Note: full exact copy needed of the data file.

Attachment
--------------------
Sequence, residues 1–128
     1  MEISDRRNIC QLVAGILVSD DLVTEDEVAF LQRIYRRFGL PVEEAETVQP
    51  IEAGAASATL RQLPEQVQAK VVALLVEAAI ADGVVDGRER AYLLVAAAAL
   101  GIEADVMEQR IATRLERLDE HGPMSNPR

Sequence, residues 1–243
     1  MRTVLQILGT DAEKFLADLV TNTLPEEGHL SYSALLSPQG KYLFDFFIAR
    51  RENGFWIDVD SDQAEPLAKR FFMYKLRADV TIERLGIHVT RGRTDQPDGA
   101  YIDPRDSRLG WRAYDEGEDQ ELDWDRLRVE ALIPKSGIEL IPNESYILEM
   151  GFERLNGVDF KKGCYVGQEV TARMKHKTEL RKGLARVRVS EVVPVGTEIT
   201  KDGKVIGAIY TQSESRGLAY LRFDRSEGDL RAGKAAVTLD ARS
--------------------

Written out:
Sequence, residues 1–128
     1  MEISDRRNIC QLVAGILVSD DLVTEDEVAF LQRIYRRFGL PVEEAETVQP
    51  IEAGAASATL RQLPEQVQAK VVALLVEAAI ADGVVDGRER AYLLVAAAAL
   101  GIEADVMEQR IATRLERLDE HGPMSNPR

Sequence, residues 1–243
     1  MRTVLQILGT DAEKFLADLV TNTLPEEGHL SYSALLSPQG KYLFDFFIAR
    51  RENGFWIDVD SDQAEPLAKR FFMYKLRADV TIERLGIHVT RGRTDQPDGA
   101  YIDPRDSRLG WRAYDEGEDQ ELDWDRLRVE ALIPKSGIEL IPNESYILEM
   151  GFERLNGVDF KKGCYVGQEV TARMKHKTEL RKGLARVRVS EVVPVGTEIT
   201  KDGKVIGAIY TQSESRGLAY LRFDRSEGDL RAGKAAVTLD ARS